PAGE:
continued Hayes said that media reports last week implying that public safety had been compromised were erroneous.
“This has all been ridiculous,” he said. “Politics shouldn’t surpass patient care, which is number one with us.”
Area emergency officials have observed that it is difficult for rural squads with limited number of calls to survive, considering the ever-increasing costs and requirements of training and equipment as well as the shrinking availability of volunteers.
Hayes also expressed appreciation to fellow Thurman EMS volunteers John O'Neill, Ernie Smith, Jim and Becky Desourdy, Mike Swanson and Debbie Runyon for manning the station or being on-call to protect public safety.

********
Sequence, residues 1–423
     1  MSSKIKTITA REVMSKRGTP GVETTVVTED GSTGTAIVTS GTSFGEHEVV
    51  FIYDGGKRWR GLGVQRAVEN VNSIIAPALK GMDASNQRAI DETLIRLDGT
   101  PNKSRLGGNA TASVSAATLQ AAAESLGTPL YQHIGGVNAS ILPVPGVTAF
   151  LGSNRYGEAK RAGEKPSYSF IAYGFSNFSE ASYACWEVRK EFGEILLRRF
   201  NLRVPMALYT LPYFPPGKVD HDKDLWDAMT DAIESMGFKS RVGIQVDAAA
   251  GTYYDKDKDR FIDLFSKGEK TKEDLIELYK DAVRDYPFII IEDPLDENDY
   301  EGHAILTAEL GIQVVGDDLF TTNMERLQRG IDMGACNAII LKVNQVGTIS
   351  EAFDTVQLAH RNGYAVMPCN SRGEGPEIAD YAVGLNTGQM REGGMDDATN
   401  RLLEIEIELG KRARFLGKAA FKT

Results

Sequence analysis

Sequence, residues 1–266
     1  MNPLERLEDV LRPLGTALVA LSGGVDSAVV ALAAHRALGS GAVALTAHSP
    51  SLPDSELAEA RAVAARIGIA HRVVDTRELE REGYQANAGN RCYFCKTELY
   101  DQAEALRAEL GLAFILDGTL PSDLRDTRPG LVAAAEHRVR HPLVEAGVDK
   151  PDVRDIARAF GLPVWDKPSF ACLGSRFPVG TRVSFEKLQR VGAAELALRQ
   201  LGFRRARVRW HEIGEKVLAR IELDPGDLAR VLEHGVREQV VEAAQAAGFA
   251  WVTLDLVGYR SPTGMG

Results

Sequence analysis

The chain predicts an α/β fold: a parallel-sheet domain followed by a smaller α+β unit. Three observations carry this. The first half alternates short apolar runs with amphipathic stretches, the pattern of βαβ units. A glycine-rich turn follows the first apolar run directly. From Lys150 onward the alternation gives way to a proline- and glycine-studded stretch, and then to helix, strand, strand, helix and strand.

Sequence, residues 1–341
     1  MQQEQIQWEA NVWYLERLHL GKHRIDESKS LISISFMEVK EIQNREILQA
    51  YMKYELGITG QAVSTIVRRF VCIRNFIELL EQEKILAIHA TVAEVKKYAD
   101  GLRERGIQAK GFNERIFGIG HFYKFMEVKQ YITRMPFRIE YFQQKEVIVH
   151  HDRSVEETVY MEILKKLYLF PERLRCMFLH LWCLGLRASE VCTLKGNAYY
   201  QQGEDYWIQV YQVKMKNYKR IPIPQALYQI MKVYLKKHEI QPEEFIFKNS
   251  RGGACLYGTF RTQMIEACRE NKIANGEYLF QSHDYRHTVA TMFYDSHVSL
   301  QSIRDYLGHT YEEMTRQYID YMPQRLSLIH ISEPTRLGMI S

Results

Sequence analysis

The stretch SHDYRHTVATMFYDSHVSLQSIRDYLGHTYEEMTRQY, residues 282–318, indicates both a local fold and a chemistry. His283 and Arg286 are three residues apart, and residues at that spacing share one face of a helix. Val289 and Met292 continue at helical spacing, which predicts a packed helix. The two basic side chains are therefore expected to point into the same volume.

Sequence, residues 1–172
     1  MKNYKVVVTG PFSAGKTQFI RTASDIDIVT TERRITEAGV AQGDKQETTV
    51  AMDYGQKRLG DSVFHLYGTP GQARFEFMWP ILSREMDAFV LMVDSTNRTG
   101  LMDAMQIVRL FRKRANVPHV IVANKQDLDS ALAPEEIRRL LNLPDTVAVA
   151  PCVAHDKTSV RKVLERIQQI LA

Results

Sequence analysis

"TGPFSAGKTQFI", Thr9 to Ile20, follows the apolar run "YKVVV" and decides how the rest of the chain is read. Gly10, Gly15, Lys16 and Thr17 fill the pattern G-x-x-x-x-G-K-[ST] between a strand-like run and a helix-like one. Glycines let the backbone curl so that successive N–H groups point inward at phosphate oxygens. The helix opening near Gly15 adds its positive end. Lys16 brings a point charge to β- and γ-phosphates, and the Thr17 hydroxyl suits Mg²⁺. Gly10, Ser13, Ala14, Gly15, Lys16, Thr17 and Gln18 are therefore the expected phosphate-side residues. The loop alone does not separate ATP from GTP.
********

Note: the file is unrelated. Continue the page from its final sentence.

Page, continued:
Squad president Jean Coulard said she was hoping that the town board and the public would understand the gravity of the financial situation and respond with appropriate support to keep the Thurman squad in operation.
“So far, we’ve been fortunate to have dedicated volunteers to respond to calls and we haven’t missed one,” she said. “We’re keeping our fingers crossed and hope things work out with the finances so we can stay operating.”